Corsock House, Castle Douglas DG7 3DJ

Dawyck Botanic Garden, Scottish Borders

One of the three outstations of Scotland’s Royal Botanic Garden, Edinburgh (Logan and Benmore are the others), this is an outstanding collection of plants, carved out of a beech wood on a steep hillside above the River Tweed not far from the border. The

highest point of the garden is at 250m above sea level. Of the four gardens of the RBGE, this is the coldest; indeed this part of the Borders, in an inland valley far from the sea, has one of the harshest climates in Britain. The garden is particularly suited to plants from

the cold northern Chinese province of Sichuan and to North American conifers. Significant collections in the garden include Rhododendron, Abies, Juniperus, Picea, Pinus, Berberis, Betula, Prunus, Sorbus and Spiraea and a collection of Scottish rare plants.

June is best for azaleas, underplanted with carpets of Meconopsis. The Scrape Burn rushes through the valley, bridged in several places. Near the burn you will find several of Dawyck’s famous trees, including the UK champion Austrian pine, Britain’s oldest Picea breweriana, and the original slender upright Dawyck beech, whose offspring are grown all over the globe.

Dawyck Botanic Gardens,

Glendoick, Perthshire

Most of the plants which Euan Cox collected in Burma turned out to be rather tender, and hard winters took their toll, but some of Glendoick’s plantings from the 1919 expedition remain, including handsome specimens of the plants that were named after Euan Cox, Juniperus recurva var. coxii and Berberis coxii. The new woodland garden at Glendoick needed plants but money was tight so Euan obtained plants wherever he could: spare seedlings from RBG Edinburgh, a gift of Rhododendron sutchuenense from plant-hunter Ernest Wilson, plants from J.C. Williams at Caerhays and a wagon-load of semi-mature rhododendrons from the Loders at Leonardslee in Sussex. Cox described the creation of his Glendoick woodland garden in his book Wild Gardening (1929), and he was a shareholder in George Forrest’s last expedition. Glendoick’s compact woodland garden is roughly triangular in shape, on either side of a swift-flowing burn that tumbles over waterfalls.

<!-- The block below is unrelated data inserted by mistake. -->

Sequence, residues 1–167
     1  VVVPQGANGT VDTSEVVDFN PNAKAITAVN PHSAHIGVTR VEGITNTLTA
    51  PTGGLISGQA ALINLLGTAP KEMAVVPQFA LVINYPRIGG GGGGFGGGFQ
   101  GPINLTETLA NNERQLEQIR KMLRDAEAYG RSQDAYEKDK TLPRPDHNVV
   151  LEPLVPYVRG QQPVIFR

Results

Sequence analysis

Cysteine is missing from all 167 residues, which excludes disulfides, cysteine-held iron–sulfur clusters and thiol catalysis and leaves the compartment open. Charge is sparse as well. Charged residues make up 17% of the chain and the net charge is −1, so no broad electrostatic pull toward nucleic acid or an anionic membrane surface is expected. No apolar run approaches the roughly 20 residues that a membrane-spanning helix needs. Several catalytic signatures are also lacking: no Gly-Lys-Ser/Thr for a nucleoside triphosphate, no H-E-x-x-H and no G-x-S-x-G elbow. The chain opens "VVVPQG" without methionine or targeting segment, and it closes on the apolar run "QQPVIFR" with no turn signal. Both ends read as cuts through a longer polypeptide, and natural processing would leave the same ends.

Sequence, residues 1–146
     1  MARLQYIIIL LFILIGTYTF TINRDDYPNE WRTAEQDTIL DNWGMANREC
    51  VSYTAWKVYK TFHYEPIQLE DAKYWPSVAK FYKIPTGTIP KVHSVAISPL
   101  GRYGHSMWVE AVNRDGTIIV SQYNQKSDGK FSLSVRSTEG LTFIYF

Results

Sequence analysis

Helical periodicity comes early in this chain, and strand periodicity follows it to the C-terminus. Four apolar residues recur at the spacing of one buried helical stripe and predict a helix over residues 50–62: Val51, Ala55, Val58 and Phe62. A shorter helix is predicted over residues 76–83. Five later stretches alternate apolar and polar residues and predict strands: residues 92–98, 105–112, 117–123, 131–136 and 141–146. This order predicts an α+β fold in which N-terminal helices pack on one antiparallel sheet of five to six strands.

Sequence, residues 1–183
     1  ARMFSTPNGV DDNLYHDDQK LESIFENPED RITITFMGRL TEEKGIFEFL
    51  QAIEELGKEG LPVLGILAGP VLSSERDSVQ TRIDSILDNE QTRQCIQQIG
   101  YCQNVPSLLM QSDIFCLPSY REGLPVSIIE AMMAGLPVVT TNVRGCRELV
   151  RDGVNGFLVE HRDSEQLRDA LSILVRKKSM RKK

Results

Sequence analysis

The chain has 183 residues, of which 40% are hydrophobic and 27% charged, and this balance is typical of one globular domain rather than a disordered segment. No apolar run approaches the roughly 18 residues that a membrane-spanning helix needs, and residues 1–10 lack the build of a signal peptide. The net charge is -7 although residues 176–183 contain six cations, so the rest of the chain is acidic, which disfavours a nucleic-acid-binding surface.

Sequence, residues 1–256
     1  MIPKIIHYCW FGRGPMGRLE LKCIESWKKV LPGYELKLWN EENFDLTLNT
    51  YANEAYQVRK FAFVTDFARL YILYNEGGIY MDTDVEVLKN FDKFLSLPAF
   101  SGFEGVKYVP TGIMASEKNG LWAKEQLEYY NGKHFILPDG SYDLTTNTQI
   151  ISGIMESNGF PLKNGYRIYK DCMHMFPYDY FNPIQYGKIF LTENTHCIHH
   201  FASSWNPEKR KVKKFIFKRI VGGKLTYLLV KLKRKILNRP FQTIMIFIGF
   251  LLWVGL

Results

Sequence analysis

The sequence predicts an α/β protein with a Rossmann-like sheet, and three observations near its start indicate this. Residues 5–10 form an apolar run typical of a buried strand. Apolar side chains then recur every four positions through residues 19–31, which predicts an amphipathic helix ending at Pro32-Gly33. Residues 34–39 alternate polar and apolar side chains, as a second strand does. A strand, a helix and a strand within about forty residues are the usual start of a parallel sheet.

The main challenges in this part of Scotland are late frosts and Armillaria (honey fungus), which lives on decaying tree stumps, many of which died of Dutch Elm disease. Plants don’t grow as large or as lush as they do on the west coast, so Glendoick has remained relatively open and not overcrowded but it has always been a challenge